But the traffic was strikingly bad. Despite having public transit (no subway, only busses; this is Africa remember) the streets were choked with vehicles – most of which would never pass any first-world emissions test. It seems the tuktuk hasn’t been discovered here, which would help the traffic somewhat. During rush hour, I could walk the 3km to downtown from the hostel at least 20 minutes faster than any vehicle could make it. And it’s a 20 minute walk. Oddly, the traffic police direct things during daylight hours, and the traffic lights are ignored.
The taxis were overpriced ($5 for a 5 minute ride), so I frequented the busses and matatus (aka daladala, aka collectivo. They’re private minivan busses, pouring smoke from the exhaust pipe, filthy and crammed with people). I met a woman on the bus while traveling back to the hostel. She was smartly dressed, a receptionist, and her english was perfect. She suddenly told me “I live in Kibera. Have you heard of Kibera?”. My eyes widened.
Kibera is the largest slum in the world, and is located on the western edge of Nairobi. I told her “Yes of course I’ve heard of it. But.. how can you
live there? What’s your house like?”.
“I live in a shack.”
Wow, I have since learned that lots of gainfully employed people reside in the slum and they love their community.
On my last day in Nairobi I was wandering the National Archives and while searching for a balcony I found an industrial scene on the rooftop, and took a photo of it (see flickr). The security guard brought me down to the directors office, and I kindly went along. Thought it would be interesting, and curious what it was about. Of course, he suspected me of terrorism, because only terrorists take photos of non-touristy things. Later the security guard outside the enormous Kenyatta Conference Center stopped me while taking a wide photo of the enormous edifice. He asked what I was doing: “Taking a photo. I’m a tourist – it’s what we do”, I responded. He slowly and emphatically replied, “That’s a very bad idea.” Later I wanted to take a photo of some movie-theater hot-dogs, but of course that wasn’t allowed either.
Another strange thing about Kenya is that smoking is banned in public places. Outside. But inside bars and restaurants its fine. This is one of those laws that run contrary to logic (like Zambia making cars daytime-running lights illegal). Its best not to think about these things and just accept it: This is Africa. Logic appears out of the question.
One night in Nairobi I went out to a nice pub with live African music and a relaxed outdoor atmosphere. I knew that prostitutes were common in bars in Africa and wondered how you could tell them apart from just regular women being nice. After 20 minutes an unattractive local woman sat down beside me. She was even missing a tooth, and asked me my name. I told her, and she told me hers. “Lucky”.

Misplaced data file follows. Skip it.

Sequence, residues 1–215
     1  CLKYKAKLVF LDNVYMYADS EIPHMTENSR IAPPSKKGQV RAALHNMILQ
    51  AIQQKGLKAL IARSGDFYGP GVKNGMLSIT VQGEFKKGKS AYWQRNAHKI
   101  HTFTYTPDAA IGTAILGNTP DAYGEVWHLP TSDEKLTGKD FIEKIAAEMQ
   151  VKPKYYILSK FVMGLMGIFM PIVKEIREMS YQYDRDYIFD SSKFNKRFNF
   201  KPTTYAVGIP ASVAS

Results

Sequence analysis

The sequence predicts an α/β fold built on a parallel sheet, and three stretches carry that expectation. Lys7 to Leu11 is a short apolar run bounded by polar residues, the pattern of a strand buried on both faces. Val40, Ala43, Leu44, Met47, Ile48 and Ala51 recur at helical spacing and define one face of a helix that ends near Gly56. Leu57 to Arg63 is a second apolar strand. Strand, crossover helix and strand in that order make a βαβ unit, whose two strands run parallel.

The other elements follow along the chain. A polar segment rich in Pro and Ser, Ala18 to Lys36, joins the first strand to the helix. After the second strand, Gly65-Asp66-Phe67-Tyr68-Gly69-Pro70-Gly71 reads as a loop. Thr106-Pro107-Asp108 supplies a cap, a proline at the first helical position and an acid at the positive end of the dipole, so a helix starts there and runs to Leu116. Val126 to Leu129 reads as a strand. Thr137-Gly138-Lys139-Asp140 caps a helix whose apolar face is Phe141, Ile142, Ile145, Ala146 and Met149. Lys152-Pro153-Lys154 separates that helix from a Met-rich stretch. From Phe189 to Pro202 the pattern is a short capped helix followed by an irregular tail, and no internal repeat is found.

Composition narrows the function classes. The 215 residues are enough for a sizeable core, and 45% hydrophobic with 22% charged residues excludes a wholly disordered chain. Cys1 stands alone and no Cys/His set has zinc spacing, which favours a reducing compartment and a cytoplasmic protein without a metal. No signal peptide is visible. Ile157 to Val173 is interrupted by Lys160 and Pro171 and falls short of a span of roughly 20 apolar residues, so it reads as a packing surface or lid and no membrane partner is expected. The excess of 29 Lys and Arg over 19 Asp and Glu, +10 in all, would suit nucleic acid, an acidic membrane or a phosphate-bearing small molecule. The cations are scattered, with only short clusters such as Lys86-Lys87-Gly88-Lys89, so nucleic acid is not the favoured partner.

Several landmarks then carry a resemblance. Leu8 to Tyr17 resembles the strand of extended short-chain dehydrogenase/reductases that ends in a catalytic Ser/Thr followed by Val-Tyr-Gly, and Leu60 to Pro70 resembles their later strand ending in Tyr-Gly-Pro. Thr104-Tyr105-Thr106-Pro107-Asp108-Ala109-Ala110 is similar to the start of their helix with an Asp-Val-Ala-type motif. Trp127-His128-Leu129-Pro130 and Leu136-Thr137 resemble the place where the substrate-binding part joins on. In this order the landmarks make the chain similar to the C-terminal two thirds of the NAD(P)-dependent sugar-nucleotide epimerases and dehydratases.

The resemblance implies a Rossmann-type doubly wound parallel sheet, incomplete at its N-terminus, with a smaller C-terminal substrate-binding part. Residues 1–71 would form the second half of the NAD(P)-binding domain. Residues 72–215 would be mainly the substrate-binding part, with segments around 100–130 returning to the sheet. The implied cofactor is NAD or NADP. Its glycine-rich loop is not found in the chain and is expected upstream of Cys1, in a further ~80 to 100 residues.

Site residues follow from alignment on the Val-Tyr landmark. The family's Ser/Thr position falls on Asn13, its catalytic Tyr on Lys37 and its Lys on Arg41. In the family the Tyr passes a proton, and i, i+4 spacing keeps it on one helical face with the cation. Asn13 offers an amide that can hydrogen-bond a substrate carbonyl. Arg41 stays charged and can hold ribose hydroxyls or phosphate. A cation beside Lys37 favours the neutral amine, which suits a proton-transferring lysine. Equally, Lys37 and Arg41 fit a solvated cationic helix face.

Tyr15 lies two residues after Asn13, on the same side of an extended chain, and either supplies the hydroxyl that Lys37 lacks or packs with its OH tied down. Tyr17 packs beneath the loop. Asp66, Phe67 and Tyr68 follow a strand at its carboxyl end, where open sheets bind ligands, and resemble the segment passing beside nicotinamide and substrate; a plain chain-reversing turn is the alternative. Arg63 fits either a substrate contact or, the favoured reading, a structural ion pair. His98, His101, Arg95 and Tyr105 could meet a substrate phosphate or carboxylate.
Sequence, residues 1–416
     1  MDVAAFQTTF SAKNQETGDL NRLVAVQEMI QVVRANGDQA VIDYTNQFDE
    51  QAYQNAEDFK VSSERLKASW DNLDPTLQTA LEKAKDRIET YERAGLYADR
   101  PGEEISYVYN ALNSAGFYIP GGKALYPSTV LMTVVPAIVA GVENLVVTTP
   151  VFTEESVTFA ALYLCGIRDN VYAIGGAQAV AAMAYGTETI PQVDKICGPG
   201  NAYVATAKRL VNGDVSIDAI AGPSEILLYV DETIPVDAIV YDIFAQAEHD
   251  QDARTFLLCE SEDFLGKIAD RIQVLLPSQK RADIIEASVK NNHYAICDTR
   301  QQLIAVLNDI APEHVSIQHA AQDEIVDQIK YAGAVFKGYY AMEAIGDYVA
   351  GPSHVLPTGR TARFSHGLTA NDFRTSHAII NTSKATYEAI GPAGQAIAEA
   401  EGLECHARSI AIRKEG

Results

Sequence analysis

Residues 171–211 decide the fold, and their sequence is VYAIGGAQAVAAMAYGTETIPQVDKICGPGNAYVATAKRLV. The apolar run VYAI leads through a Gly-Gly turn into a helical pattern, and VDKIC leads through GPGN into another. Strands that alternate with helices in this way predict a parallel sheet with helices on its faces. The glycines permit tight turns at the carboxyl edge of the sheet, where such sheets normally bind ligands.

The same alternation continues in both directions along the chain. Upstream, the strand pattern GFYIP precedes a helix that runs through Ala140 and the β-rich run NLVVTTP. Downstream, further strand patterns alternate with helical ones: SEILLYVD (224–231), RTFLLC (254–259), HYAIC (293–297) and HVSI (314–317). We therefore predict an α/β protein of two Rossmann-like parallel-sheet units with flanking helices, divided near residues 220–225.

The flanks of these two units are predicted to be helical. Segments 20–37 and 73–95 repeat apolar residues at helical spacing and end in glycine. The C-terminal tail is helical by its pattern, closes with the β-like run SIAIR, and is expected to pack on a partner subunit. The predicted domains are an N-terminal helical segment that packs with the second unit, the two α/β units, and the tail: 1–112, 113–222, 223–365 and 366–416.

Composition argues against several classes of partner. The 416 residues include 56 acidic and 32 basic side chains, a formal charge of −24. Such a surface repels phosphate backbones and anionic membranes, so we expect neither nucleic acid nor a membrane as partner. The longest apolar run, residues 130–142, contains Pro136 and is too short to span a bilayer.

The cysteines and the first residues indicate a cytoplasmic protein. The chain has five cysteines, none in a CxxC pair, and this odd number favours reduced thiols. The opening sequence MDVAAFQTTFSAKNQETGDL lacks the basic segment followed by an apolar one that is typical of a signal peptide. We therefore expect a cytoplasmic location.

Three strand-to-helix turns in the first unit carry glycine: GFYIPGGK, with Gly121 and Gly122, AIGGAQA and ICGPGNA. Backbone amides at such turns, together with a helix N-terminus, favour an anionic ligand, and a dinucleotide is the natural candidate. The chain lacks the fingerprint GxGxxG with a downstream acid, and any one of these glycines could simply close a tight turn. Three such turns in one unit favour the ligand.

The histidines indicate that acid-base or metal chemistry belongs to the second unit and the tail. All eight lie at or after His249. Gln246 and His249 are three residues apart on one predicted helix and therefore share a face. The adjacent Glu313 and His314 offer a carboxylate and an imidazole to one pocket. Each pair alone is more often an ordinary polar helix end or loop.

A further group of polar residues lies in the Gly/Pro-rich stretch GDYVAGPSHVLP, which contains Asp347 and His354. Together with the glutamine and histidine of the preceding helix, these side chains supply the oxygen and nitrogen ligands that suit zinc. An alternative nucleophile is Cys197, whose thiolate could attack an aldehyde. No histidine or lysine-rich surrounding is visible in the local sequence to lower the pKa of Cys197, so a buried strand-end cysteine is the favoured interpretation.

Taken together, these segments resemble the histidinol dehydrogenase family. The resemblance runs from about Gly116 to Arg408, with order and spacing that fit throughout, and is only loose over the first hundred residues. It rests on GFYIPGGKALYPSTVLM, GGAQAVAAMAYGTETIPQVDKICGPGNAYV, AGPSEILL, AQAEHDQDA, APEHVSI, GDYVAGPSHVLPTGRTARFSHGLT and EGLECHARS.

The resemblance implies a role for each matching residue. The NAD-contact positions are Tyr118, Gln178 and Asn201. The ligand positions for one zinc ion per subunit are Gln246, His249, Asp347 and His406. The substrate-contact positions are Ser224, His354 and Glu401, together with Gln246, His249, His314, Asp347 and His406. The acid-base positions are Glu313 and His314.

Well, I didn’t have to wonder any longer.
Connections to North America
Everytime someone sees my Canadian flag they say “Canada! Vancouvertorontomontreal?” Always in that order. They tell me that most people they meet are from Vancouver. Perhaps Vancouverites are just more likely to speak to the locals here instead of ignoring them.
Its nearly everyday that I do a double-take and see something totally random that makes me laugh. Most people in East Africa buy second-hand clothes, and most of these clothes come from North America. So you encounter the most random and fun shirts. Example: a kid on the side of the train tracks in Tanzania with an old-school Canucks logo on his sweater. Or a begging man on the street wearing a Vancouver Sea Bus shirt. Or a guy in Dar es Salaam wearing the high school phys-ed uniform from the school that a fellow traveler attended in Washington DC.
Two of my favourite shirt sightings were a teenager with a shirt reading “#1 Grandpa”, and another time a young man with a shirt explaining “It’s not a bald spot, it’s a solar panel for my sex machine”.
And it extends to vehicles too. A matatu (remember, minivan bus) painted with Toronto Blue Jays colours and logos all over it. And Africans don’t even like baseball.
Two days in Hell
I also spent two days in Hell’s Gate National Park with a Dutch traveler. The park is one of the only you can bicycle and hike through, and the Rift Valley scenery was beautiful. I discovered that zebras and gazelles are terrified of humans on bicycles or foot but completely ignore vehicles. We even explored a naturally carved river gorge and had to rock climb over hot-springs. This area is very geologically active and the government generates electricity from geothermal energy. It reminded me of Iceland.
Last night I took a night train to Mombasa, on the Kenyan coast. In the morning we passed through Tsavo, famous for the man-eating Tsavo lions. Back when the railway was being built, over one hundred workers were eaten by lions. There’s even a movie about it which I’ve seen: The Ghost and the Darkness. Now I’m heading south to Zanzibar where I’ll spend the rest of my trip on the sunny archipelago rich in history and culture.
As usual check out my Flickr photos by clicking the thumbnail above!